About code breaking, advertising, mystery, and a little political

 

Handle With Care- Jodi Picoult

This 2009 read is still my favourite Picoult as it has a theme which I really connect with. About a girl with brittle bones and how her mother is suing the midwife who missed the signs in scans



Life After Life- Kate Atkinson

This story of reliving lives is still a favourite of mine since being my favourite read in 2013


How to Be a Woman- Caitlin Moran

This is the funny, feminist book by Caitlin Moran which made me want to be her friend. I read it back in 2012

Brooklyn Bites Series- Scott Stabile

Oh it’s been so long since I’ve got to rave about Brooklyn Bites. These beautiful short stories are so perfectly descriptive of food that you can almost taste it.

Texts From Jane Eyre- Mallory Ortberg

This funny little book suggests how texts from famous literary characters would be like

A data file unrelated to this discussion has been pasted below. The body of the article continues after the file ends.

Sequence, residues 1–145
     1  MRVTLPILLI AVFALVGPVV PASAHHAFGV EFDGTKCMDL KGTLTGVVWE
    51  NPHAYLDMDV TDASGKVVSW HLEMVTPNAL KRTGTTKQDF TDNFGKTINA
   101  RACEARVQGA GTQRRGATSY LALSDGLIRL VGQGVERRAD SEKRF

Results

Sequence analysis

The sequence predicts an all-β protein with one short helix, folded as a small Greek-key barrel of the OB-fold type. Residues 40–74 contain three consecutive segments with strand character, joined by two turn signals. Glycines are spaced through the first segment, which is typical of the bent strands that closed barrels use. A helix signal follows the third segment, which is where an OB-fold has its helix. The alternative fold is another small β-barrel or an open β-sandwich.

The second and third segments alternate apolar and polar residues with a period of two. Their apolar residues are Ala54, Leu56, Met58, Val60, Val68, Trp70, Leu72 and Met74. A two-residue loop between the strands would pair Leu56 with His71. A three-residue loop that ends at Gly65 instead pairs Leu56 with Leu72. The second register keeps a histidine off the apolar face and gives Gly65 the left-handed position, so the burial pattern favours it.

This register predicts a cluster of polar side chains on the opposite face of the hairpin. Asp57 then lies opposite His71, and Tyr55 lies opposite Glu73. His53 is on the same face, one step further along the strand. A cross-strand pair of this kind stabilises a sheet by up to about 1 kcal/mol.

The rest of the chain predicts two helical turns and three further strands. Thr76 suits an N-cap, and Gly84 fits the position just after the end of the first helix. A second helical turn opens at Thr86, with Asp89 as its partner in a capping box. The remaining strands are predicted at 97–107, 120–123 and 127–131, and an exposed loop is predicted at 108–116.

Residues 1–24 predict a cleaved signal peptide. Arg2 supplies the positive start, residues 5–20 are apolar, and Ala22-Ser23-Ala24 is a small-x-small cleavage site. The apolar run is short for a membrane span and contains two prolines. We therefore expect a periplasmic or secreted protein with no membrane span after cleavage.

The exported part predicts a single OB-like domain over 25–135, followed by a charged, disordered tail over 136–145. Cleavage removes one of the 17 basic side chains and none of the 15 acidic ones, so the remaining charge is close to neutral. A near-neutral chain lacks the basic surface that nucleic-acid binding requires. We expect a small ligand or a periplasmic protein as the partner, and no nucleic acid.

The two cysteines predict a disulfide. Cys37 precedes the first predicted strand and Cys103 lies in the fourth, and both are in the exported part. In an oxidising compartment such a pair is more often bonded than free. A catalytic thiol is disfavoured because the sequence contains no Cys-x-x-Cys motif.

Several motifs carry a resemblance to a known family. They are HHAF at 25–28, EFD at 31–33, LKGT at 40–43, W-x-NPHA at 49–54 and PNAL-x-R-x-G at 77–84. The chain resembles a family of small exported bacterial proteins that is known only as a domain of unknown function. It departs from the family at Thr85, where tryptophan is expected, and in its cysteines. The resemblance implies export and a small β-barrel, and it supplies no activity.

Yes Means Yes- Various

An important and interesting feminist book which I read earlier this year and wrote lots of posts about.

 

How to Be a Heroine- Samantha Ellis

In this great book Ellis looks back at previously loved books with a new perspective

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Sunday Surfing 10/9/17


bird surf
Sunday Surfing is my weekly feature (inspired by Chrisbookarama‘s Friday Bookish Buzz, which is one of my favourite features) where I share my favourite links from during the week, about books and blogging, and from other blogs. Plus a little about what’s happened on the blog this week.

Let’s get started.

Around the web this week

This Bookshop Travels the World Selling Books

Favourite Books of Famous Authors

The most Popular Reviews on Goodreads

The Most Common and Strangest Books Which have Been Left at B&Bs

Authorised Prequel for ‘Dracula’ Based on Stoker’s Notes to be Published